Ever had a conversation with someone you jut met and suddenly the sound quality went downhill? You couldn’t hear them, they cut off words, got very breathy?
As soon as you made your excuse to go to the toilet you immediately thought, consciously or unconsciously, I don’t believe or trust this person. There is something not quite right.
If it happens in real life, it happens with content.
A recent study by the University of Southern California and the Australian National University (here) put this real world proposition to the test. They selected two similar talks and videos based on content and presentation (engineering and physics) and altered the sound quality on one of them. Afterwards the audience were asked to rate the talk and speaker.
“When the video was difficult to hear, viewers thought the talk was worse, the speaker less intelligent and less likeable and the research less important,” the scientists wrote.
The researchers found that anytime something is difficult to process, people become distrustful. Credibility then is so bound up by the quality of audio and audience perception. Credibility depends on good sound.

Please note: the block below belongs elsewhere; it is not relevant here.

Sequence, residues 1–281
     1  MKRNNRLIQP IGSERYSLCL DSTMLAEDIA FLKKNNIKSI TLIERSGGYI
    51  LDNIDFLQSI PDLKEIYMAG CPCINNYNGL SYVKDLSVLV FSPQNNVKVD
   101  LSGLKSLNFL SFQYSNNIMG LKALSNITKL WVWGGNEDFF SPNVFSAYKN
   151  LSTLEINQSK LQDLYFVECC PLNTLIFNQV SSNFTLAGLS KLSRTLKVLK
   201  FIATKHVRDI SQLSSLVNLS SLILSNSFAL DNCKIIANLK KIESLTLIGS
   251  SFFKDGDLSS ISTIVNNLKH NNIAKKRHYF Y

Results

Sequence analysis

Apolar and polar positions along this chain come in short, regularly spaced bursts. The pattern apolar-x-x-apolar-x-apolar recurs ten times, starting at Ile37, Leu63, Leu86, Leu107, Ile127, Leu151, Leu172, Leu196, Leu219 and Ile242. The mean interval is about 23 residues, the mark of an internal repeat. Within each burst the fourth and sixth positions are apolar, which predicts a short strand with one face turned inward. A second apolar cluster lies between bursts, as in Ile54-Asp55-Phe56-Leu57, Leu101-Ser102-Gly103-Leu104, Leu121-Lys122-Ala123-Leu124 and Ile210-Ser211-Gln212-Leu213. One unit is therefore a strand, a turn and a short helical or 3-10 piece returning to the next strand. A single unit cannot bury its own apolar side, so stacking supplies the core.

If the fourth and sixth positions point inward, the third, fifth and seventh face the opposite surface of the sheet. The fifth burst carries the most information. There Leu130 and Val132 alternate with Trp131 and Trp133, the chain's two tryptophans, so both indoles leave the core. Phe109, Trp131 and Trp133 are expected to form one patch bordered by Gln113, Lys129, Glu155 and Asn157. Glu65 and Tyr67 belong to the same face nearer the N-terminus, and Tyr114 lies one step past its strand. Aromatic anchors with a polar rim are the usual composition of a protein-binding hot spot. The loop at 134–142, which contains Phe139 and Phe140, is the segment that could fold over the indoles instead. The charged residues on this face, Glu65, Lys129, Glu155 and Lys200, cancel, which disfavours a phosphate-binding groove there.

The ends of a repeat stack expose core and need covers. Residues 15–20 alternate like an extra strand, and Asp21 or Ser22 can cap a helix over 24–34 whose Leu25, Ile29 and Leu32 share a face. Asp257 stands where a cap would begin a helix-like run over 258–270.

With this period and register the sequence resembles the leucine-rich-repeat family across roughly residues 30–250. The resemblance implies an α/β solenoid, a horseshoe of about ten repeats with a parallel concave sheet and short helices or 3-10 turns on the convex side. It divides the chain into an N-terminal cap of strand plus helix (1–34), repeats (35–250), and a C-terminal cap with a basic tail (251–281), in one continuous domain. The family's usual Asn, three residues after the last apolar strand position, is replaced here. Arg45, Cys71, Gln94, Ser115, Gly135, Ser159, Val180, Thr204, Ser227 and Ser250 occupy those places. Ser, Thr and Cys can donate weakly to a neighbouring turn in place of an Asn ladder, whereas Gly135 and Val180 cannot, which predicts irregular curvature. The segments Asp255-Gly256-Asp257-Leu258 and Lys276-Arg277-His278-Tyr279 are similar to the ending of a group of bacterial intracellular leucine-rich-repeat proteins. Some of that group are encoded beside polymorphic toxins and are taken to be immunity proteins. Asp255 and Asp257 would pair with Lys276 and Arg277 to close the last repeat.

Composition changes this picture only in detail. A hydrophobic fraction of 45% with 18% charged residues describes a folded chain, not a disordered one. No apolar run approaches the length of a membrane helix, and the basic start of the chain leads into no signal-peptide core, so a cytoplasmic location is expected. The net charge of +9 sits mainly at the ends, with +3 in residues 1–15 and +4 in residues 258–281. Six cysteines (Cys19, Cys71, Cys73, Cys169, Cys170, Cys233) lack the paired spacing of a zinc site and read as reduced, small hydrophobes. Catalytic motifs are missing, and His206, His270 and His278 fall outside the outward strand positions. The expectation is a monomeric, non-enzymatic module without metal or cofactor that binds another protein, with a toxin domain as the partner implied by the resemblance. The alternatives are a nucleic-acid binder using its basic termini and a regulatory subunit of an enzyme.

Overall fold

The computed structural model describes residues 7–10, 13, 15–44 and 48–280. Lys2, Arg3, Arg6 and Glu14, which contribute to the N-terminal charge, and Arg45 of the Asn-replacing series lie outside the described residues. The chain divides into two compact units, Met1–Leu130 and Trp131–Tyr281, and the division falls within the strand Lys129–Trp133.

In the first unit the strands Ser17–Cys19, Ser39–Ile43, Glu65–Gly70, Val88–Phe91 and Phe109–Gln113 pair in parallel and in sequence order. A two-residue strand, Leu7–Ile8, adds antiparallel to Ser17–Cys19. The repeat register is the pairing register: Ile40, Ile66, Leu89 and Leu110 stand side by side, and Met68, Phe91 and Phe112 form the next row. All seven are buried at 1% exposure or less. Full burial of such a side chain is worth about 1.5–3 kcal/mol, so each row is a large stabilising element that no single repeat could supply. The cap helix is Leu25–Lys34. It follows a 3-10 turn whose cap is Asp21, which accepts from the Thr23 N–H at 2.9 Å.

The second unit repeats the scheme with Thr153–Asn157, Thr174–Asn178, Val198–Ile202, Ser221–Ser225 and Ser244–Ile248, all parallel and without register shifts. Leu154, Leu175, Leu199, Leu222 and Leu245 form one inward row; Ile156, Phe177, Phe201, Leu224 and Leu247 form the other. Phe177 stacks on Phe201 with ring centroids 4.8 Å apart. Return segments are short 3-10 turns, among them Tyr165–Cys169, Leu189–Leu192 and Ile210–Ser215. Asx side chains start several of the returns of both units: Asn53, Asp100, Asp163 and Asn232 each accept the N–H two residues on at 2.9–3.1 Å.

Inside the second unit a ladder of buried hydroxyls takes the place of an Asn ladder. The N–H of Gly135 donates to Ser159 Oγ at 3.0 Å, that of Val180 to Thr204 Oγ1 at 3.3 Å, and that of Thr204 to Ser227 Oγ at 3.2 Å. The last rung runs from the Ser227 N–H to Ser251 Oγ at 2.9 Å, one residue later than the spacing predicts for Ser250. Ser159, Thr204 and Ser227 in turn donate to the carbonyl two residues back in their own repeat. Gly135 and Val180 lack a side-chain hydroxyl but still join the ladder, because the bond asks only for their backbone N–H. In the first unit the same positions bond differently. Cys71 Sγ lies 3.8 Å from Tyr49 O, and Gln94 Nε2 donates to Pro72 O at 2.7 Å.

This can even happen in the world of Prestige TV drama as recently happened with the BBCs “SS-GB”. Poor dialogue sound, with some actors mumbling, created a disconnect with the audience (here).
So the quality of the voiceover, their vocal tone, talent and skill and the quality of the overall sound do much to shape a positive or negative reaction to the commercial, corporate film, e-learning project or gaming / animation character.
Sounds obvious, but to put it to the test, here is the same copy delivered with poor and then good audio quality.
Which one do you dismiss outright, and which do you actually want to listen to and believe?
If you like, please share.
Paul Mclaughlin © Versatile Voiceovers